Doors open at Lyndhurst Primary School
15 October 2015
The new extension at Lyndhurst Primary School in Southwark is now in full use.
Cottrell and Vermeulen Architecture have designed a partial refurbishment, demolition and extension for the school, allowing it to expand from a 1.5 form entry to 2FE. The dominant use of brick is a highlight of the design, used not only as a response to the school’s existing built landscape but also to accentuate the bold design of the building.
The existing school consists of several buildings of varying age dating from approximately 1905. Each of these buildings are considered to be assets to the Camberwell Grove Conservation Area and therefore any new design needed to both complement and enhance the context of the existing school.
The dynamic elevations of the new building are a result of the natural ventilation strategy, providing the classrooms with high levels of fresh air and subsequently increasing comfort levels throughout. Three sizes of window and two heights of brick wall were developed using this strategy, adding a playful but functional aspect to the design. Substantial eaves on all windows reduce direct sunlight and distracting glare in the summer months. Two elevations feature windows incorporating a red brick surround, inspired by a detail from the main school building.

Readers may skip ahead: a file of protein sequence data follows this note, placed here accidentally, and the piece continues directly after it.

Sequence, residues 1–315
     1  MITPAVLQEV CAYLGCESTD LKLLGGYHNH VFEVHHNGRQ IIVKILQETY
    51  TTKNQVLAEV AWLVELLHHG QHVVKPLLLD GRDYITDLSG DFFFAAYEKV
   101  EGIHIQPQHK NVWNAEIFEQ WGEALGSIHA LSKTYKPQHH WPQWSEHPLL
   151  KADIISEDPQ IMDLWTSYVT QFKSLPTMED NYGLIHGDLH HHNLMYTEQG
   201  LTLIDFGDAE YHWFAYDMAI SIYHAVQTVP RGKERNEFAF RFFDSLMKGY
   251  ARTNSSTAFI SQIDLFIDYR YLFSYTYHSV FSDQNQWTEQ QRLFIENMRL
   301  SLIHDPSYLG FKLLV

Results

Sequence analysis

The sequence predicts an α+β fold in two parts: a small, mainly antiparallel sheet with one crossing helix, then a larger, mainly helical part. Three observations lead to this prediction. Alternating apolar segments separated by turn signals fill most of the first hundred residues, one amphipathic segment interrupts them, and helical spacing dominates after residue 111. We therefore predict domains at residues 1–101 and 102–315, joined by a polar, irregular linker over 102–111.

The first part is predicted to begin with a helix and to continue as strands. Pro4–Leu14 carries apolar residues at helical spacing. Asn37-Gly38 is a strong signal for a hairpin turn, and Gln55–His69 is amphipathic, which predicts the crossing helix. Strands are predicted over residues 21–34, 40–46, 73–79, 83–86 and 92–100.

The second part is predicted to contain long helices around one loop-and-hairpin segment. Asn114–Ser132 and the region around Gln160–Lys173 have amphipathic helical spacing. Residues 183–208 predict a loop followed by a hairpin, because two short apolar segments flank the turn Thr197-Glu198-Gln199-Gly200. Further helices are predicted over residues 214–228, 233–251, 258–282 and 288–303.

Several materials are used to juxtapose the overwhelmingly horizontal brick extension, highlighting key moments of interest throughout the design. Vertical alternate weatherboard is used externally to both signpost the entrance of the building and highlight the transition between the existing school and the new extension. The horizontal patterning of the timber is then repeated internally, incorporating the use of shuttered concrete and a strong decorative scheme.
In a further response to the urban context of the site, the new building was designed to unite the somewhat disarrayed layout of the existing buildings. This work involved creating one common secure entrance for the school and creating a distinct physical and visual separation between foundation years and KS1 and KS2. The location of the new extension was chosen so that the design would have a minimum impact of the immediate streetscape and the elevation of the main school building to the playground while allowing an expressive separate form.
By demolishing existing temporary buildings, the new site strategy provides a ground floor footprint that is smaller than the existing footprint. Additionally, the demolition enabled new landscaped spaces to link together the collection of existing buildings and the new extension, defining these spaces to create a coherent learning environment.